Three New York City public retirement funds have filed a motion to dismiss a “baseless” legal action by four future beneficiaries over their decision to divest fossil fuels.
The lawsuit, filed in May, claims that the Teachers’ Retirement System, New York City Employees’ Retirement System and Board of Education Retirement System breached their fiduciary duties by voting in 2021 to stop investing in publicly traded securities of fossil fuel reserve owners.
The motion seeks dismissal because the plaintiffs – four public employees who are future pension beneficiaries – will suffer no harm irrespective of the decision to divest.
“They will get paid the same retirement benefits no matter how well, or poorly, the pension plans’ investment choices play out,” it states, adding that this is something that the filers themselves had conceded.
The legal action by the workers was filed along with Oklahoma-based advocacy group Americans for Fair Treatment.
The pension funds also rejected the “meritless arguments” against their decision to divest, including that they did so without financial analysis.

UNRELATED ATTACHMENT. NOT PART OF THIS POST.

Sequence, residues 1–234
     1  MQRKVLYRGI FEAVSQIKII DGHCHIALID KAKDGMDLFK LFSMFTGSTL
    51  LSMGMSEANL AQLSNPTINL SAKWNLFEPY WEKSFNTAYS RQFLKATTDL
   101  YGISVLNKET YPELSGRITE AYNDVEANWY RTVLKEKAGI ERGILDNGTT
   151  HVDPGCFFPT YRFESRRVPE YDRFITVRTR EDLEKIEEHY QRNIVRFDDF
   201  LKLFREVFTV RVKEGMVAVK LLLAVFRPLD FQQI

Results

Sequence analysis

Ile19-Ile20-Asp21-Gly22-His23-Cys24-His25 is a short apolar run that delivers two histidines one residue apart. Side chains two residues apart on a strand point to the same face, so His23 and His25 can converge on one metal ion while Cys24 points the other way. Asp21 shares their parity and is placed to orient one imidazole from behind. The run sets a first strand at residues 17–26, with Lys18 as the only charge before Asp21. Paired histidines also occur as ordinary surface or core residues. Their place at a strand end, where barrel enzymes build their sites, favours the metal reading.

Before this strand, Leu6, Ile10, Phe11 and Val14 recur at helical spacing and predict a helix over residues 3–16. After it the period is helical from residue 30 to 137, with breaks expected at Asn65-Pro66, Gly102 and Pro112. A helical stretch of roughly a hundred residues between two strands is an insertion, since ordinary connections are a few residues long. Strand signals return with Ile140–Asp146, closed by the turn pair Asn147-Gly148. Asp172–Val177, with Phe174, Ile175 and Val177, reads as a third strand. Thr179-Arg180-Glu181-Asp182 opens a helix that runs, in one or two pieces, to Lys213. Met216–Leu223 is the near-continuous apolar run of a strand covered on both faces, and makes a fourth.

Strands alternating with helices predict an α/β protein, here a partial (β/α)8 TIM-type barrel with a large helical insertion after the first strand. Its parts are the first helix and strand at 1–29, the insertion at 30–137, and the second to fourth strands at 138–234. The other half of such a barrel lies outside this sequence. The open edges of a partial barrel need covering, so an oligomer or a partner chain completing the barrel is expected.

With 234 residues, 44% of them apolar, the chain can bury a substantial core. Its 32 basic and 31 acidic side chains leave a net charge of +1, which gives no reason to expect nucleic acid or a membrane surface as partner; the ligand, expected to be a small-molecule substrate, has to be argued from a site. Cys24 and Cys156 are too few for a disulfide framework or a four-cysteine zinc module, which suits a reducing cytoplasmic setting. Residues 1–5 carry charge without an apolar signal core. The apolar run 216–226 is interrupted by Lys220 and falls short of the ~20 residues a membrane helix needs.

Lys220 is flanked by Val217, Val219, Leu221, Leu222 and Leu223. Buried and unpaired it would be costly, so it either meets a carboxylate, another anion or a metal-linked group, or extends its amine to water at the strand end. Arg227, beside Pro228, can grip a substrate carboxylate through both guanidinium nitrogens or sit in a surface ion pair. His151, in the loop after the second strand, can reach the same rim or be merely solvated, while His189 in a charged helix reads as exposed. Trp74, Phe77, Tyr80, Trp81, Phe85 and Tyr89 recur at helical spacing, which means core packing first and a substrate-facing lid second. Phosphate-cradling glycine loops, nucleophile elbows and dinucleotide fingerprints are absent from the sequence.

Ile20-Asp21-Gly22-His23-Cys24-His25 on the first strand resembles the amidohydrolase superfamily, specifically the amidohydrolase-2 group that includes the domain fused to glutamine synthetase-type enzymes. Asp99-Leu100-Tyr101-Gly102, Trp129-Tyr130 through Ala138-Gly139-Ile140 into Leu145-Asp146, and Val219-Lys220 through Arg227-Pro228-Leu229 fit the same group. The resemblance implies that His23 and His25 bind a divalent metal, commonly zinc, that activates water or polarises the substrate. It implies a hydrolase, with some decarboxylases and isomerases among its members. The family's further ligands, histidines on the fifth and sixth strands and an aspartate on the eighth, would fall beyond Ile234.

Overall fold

They described the divestment process as a “deliberative and extensive fiduciary process, which assessed portfolio exposure to fossil fuel stranded asset risk, industry decline and other financial risks stemming from climate change”.
That process included divestment feasibility studies being undertaken by investment giant BlackRock and US consultant Meketa in 2020 on behalf of the New York City funds.
“The arguments in this lawsuit are a weak attempt by anti-ESG, anti-union forces to undermine the decisions by our pension system trustees to assess the very real risks of climate change to their portfolios,” said New York City comptroller Brad Lander, whose office oversees the city’s five public pension funds.
“Rather than advancing the actual interests of our City’s public employees and retirees, the lawsuit seeks to protect companies that continue to focus on fossil fuels despite the ongoing and necessary transition to a low carbon economy,” he added.
“The courts should call this lawsuit what it is and dismiss it with prejudice.”